Hostname: page-component-8448b6f56d-dnltx Total loading time: 0 Render date: 2024-04-21T12:01:08.327Z Has data issue: false hasContentIssue false

Prisoner disenfranchisement and the right to vote in elections to the European Parliament: Universal suffrage key to unlocking political citizenship?

Court of Justice of the European Union Case C-650/13, request for a preliminary ruling from the tribunal d’instance de Bordeaux, made by decision of 7 November 2013, in the proceedings in Thierry Delvigne v. Commune de Lesparre-Médoc and Préfet de la Gironde, 6 October 2015, ECLI:EU:C:2015:648

Published online by Cambridge University Press:  11 April 2016

Abstract

Image of the first page of this content. For PDF version, please use the ‘Save PDF’ preceeding this image.'
Type
Case Notes
Copyright
Copyright © The Authors 2016 

Access options

Get access to the full version of this content by using one of the access options below. (Log in options will check for institutional or personal access. Content may require purchase if you do not have access.)

Footnotes

*

Hanneke van Eijken is Assistant Professor of EU Law and researcher in the BEUCitizen project at Utrecht University. Jan Willem van Rossem is Assistant Professor of Constitutional Law at Utrecht University. The authors wish to thank Dr Tony Marguery for his help with regard to the French reference of the tribunal d’instance de Bordeaux.

References

1 ECJ 12 September 2006, Case C-145/04, Spain v United Kingdom; ECJ 12 September 2006, Case C-300/04, Eman and Sevinger v College van burgemeester en wethouders van Den Haag. But also see the earlier ECJ case of 9 July 1998, Case C-323/97, Commission v Belgium with regard to municipal elections.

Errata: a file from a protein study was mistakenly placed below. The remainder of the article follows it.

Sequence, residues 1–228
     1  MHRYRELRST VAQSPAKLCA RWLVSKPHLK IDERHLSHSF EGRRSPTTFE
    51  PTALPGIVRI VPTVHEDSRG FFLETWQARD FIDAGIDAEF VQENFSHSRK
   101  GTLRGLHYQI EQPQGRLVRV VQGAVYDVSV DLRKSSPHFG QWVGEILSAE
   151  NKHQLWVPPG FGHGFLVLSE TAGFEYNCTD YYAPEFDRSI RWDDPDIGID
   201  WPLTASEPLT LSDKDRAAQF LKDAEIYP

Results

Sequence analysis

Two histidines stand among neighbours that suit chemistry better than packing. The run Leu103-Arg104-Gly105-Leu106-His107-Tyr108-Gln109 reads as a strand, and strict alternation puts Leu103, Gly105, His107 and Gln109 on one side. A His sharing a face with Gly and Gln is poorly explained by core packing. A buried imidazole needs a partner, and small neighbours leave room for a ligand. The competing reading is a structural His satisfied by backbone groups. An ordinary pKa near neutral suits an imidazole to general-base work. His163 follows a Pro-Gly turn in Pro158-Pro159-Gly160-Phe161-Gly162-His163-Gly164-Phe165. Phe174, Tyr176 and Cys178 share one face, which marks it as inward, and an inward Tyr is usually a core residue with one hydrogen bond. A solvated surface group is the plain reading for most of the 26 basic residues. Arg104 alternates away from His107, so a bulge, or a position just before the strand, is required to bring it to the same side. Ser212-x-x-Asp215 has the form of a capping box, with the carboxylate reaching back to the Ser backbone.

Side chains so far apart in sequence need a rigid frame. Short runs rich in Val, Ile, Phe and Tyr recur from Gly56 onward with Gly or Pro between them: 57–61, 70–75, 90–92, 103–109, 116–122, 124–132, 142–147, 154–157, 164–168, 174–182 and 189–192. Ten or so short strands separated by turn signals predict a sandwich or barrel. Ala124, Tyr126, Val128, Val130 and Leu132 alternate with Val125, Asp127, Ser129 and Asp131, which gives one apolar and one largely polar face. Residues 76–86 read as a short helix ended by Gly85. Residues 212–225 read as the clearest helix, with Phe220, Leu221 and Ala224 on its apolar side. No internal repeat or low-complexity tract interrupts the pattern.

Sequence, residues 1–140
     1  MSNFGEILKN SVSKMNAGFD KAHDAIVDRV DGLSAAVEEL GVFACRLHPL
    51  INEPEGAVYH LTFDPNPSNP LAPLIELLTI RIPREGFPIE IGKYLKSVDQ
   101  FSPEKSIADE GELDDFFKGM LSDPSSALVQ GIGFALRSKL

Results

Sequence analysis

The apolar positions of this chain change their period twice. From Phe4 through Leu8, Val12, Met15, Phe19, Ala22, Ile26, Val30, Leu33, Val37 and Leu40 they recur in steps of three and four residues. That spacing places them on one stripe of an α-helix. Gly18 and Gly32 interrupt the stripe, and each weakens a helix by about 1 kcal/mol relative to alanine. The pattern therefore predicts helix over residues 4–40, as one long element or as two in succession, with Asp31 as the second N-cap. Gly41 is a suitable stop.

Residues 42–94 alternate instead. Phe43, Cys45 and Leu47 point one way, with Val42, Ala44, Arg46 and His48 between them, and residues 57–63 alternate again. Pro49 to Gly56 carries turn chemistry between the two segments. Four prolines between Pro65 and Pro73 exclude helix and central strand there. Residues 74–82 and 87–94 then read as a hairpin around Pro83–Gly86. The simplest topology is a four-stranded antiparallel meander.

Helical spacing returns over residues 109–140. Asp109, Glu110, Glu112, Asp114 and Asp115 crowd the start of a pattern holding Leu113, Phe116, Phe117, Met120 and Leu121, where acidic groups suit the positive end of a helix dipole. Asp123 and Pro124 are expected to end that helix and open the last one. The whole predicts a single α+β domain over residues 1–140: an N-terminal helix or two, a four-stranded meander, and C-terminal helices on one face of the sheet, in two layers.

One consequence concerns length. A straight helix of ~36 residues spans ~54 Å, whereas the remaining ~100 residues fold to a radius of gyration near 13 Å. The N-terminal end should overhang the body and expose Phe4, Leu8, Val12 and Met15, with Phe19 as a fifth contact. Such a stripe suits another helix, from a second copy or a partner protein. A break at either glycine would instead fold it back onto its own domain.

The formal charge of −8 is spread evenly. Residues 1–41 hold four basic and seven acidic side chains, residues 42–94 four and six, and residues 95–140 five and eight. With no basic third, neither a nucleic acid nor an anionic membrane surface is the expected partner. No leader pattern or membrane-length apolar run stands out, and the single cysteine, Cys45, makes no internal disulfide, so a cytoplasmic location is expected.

2 R (on the application of Chester) v Secretary of State for Justice and McGeoch v The Lord President of the Council and another (Scotland) [2013] UKSC 63.

3 ECJ 6 October 2015, Case 650/13, Thierry Delvigne v Commune de Lesparre-Médoc and Préfet de la Gironde.

4 ECJ 6 October 2015, Case C-362/14, Maximillian Schrems v Data Protection Commissioner.

5 Act concerning the election of the representatives of the Assembly by direct universal suffrage annexed to the Council decision of 20 September 1976, as amended and renumbered by Council decision No. 76/787/ECSC/EEC/Euratom of 20 September 1976 and Council decision No. 2002/772/EC/Euratom.

6 See Arts. 28 and 34 of the Criminal Code of 12 February 1810.

7 See Art. 2 of Law No. 77-729 of 7 July 1977 on European Parliament elections and Art. L 2 of the Electoral Code.

8 Law No. 92-1336 of 16 December 1992, as amended by Law No. 94-89 of 1 February 1994.

9 French law now provides that it is up to a court to rule on this matter. Also the permanency of the penalty has been dropped: it may now not exceed ten years in the case of a conviction for a serious crime and five years in the case of a conviction for a less serious crime.

10 The competent administrative commission made this decision pursuant to Art. L 6 of the French Electoral Code.

11 See Art. 61-I Const.

12 Judgment of 7 November 2013, RG No. 15-13-000003.

13 Art. 10(2) TEU.

14 Art. 8B of the Treaty of Maastricht established the right for EU citizens to vote and stand as a candidate for municipal and European elections in a host member state on equal conditions as the nationals of that member state.

15 Art. 1 of the Act concerning the election of the representatives of the European Parliament by direct universal suffrage, annexed to Decision 76/787/ECSC, EEC, Euratom of 20 September 1976 (OJ L 278 8 Oct. 1976). In 2002, the Direct Elections Act underwent an important amendment. See Council Decision 2002/772/EC (OJ L 283, 21 Oct. 2002). In turn, Art. 1 of the Direct Elections Act can be traced to provisions in the founding treaties, such as Art. 21(1) of the 1951 Treaty of Paris, establishing the European Coal and Steel Community. See generally Peers, Steve et al. (eds.), The EU Charter of Fundamental Rights: A Commentary (Hart Publishing 2014)CrossRefGoogle Scholar.